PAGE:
by Rob White
From Film Quarterly Spring 2007, Vol. 60, No. 3
FROM TIME TO TIME Film Quarterly has published special features on Hollywood films that have had a major influence on public opinion. In 1979 the film was The Deer Hunter (“a cultural event, late-seventies style,” as editor Ernest Callenbach called it, FQ 32, no. 4: 10), in 1991 Thelma & Louise (a “breakaway hit” that “has entered the realm of public discourse,” in editor Ann Martin’s words, FQ 45, no. 2: 20). If any such recent film has merited similar treatment, it is surely Ang Lee’s Brokeback Mountain (2005). Like The Deer Hunter and Thelma & Louise, Brokeback Mountain won high-profile awards but, more than that, it became a mass-culture phenomenon—a talking-point or rallying-cry, a totem, milestone, and lightning conductor.
Also like The Deer Hunter and Thelma & Louise, Brokeback Mountain is politically charged. Neither a low-budget independent film like My Own Private Idaho (1991), nor a “social problem” picture like Philadelphia (1993), Brokeback Mountain brought a gay couple to the forefront of U.S. genre cinema. The film thus achieved a breakthrough, though one that had been anticipated by The Talented Mr. Ripley (1999), The Deep End (2001), Far from Heaven (2002), and Alexander (2004). Is Brokeback Mountain therefore progressive? “Its release coincides with a precise and rapidly developing phase in gay history, the movement towards acceptance … ‘for better or for worse,’ one might say, but in any case it has to happen, there can be no turning back even if one wanted to” (28). Robin Wood’s careful equivocation opens up questions that other contributors answer in different ways, setting Brokeback Mountain in a variety of cross-media and film-historical contexts.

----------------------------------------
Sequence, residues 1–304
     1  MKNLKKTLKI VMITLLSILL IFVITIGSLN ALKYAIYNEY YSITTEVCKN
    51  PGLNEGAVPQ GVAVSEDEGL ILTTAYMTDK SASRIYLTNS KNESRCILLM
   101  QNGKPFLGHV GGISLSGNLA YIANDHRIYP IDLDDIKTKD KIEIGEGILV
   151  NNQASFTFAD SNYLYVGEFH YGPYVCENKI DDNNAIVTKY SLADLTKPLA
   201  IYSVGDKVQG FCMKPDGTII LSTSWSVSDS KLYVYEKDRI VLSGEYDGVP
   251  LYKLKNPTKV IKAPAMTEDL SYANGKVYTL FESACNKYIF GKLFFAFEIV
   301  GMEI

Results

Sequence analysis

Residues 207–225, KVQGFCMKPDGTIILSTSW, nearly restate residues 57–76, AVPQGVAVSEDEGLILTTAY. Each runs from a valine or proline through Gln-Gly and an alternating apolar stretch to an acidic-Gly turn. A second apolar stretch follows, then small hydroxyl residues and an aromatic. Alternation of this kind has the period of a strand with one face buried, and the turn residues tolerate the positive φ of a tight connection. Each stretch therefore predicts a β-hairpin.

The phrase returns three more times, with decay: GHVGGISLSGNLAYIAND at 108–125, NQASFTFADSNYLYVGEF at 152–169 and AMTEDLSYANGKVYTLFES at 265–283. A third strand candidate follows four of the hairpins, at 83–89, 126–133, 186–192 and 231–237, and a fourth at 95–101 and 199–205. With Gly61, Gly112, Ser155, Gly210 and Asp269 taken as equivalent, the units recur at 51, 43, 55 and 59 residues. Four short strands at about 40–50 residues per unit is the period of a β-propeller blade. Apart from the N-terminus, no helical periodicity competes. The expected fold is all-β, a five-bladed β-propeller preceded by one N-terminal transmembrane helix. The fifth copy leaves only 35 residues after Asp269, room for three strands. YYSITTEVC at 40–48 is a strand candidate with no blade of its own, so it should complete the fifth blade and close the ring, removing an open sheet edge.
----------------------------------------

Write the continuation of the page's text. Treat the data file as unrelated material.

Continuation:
The film’s politics are unavoidably connected with problems of media and cultural visibility that are summarized concisely by a scene in The Deep End, Scott McGehee and David Siegel’s remake of The Reckless Moment (1949). Blackmailed after her gay son accidentally kills his lover, Margaret Hall (Tilda Swinton) receives a videotape of the couple making love. She watches the tape for some moments and, running the scene through several times, we may come to think that she lingers too long on these intimate images. But it is not easy to read her expression. It is perhaps some admixture of shock, fear, bewilderment, sadness, fascination, and suppressed rage. The complexity of the emotions that are not quite fully on display in Swinton’s face suggests what, still, is at stake in mainstream representations of homosexuality—and notably Broke-back Mountain‘s. The essays here review, refine, and substantially expand the debate about gay visibility in Hollywood filmmaking.
In terms of mode and genre, Brokeback Mountain is an intriguing hybrid: a tragic love story, a neo-Western, a family melodrama that ends on a mixed note of calamity and reconciliation. It is well attested how much this note resonated with audiences. Describing the impact of The Deer Hunter, Callenbach wrote that “the film has a strong effect on audiences: people cry.” The same is true of Brokeback Mountain. This collection of responses to the film begins and ends with melancholy: with, in Jim Kitses’s piece, a broad and fundamental sorrow which is (in a phrase of Thomas Wolfe’s that he quotes) “stamped on the American face” (22); and with, in Joshua Clover and Christopher Nealon’s contribution, a “genuine Western loneliness” (67) framed unexpectedly in a music video for Madonna. That such disparate but congruous reference points should emerge in relation to Brokeback Mountain is evidence of the value of giving it special close attention.